Its been 4 years in the making but Apple has finally done it. Apple has brought multitasking, among other things, to the iPhone. Apple also did something else to the jarring of Apple iPhone owners. In essence, Steve Jobs said that the original iPhone won’t be upgraded (won’t get OS 4.0) and devices older than the iPhone 3GS and the new iPod touch won’t be able to support some of the feature (such as multitasking). When I first heard that Apple was going to stop supporting the original iPhone I was taken back thinking, “Why would they ever do that?” But then I began thinking of the Google and it’s Android platform. Android in it’s current state is supporting all of the Android devices. That means everything from the T-Mobile G1 (the original Android device) to the Motorola Droid and Nexus One is currently supported. However that is becoming a problem since the specs for all of these are completely different. Since the specs for these devices are completely different, and since developers are creating custom user interfaces for their Android devices (ie. HTC Sense and MotoBlur) it is creating lots of fractioning within the Android brand. One way that Android could help strengthen their brand among consumers is to follow Apple’s lead and stop supporting older devices.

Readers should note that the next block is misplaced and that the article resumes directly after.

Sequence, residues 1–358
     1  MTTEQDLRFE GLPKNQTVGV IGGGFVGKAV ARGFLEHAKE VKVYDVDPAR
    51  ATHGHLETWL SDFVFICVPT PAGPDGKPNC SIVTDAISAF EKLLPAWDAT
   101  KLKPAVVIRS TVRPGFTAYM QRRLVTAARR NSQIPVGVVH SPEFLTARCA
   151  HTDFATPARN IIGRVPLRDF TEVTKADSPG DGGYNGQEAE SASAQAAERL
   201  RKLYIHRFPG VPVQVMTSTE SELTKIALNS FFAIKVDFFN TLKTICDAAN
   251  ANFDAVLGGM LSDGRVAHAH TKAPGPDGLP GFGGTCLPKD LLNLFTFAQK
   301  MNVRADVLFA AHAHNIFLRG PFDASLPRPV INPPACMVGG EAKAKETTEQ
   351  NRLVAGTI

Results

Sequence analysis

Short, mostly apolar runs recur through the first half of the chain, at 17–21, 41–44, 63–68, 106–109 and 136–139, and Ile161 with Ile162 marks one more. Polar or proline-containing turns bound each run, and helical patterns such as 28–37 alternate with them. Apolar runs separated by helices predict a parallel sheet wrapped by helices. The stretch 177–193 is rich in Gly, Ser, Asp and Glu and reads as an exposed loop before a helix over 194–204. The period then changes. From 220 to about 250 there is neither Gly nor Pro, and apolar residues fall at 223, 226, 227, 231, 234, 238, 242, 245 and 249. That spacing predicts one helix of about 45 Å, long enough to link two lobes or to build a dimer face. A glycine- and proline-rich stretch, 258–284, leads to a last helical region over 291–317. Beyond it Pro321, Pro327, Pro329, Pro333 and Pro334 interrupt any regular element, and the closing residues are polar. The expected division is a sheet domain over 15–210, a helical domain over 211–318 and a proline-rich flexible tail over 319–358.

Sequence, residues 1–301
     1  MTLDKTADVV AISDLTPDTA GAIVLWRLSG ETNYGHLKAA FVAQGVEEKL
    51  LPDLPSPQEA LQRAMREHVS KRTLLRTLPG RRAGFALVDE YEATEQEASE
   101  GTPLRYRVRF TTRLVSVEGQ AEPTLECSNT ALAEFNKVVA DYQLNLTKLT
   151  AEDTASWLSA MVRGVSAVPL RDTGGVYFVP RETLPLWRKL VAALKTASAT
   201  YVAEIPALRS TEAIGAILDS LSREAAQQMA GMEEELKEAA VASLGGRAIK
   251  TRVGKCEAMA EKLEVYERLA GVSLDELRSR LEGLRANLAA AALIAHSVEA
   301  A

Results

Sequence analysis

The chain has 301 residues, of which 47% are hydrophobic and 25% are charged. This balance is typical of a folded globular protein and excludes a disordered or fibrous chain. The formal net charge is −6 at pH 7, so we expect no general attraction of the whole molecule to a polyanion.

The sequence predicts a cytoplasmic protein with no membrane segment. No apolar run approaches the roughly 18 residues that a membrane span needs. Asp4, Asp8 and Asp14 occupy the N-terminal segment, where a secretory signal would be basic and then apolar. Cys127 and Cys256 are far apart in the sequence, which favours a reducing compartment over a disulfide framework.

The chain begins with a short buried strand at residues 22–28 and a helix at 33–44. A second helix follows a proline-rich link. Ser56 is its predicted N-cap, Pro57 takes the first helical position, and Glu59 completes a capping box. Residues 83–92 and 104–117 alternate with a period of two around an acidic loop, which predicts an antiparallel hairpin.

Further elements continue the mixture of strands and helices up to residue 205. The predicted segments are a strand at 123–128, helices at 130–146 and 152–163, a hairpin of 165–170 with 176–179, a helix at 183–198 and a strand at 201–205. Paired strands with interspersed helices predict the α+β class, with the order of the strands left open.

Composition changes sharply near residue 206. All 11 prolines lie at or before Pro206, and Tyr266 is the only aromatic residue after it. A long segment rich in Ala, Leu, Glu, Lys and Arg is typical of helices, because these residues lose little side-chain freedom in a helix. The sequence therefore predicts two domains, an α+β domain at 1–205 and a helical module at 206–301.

True, this may make some people upset that their device is no longer covered or upgradeable, but in this day and age where people are lucky to keep their device 22 months (which is what most carriers contract terms are before upgrades are available at full discounts) this makes perfect sense. Consumers not only want to have new features, but they want their devices to run seamlessly. Being able to have a device run seamlessly is something that Apple does quite well. One of the reasons this is possible, I believe is because they are no trying to keep all their devices. When you no longer have to worry about supporting outdated software and specs then you can focus on newer features and keeping everything within a certain time frame running smoothly.

To Android’s credit they do recognize that their is fractioning going on within their operating system which they plan to address in the build of their latest OS (froyo). Their plan is to make certain aspects of the OS available for download through the Android Market, which is a killer idea because it bypasses the need for carrier compatibility and testing. But the question is, will those older OS such as 1.5 (cupcake) and 1.6 (donut) be able to even make the upgrade to Froyo.

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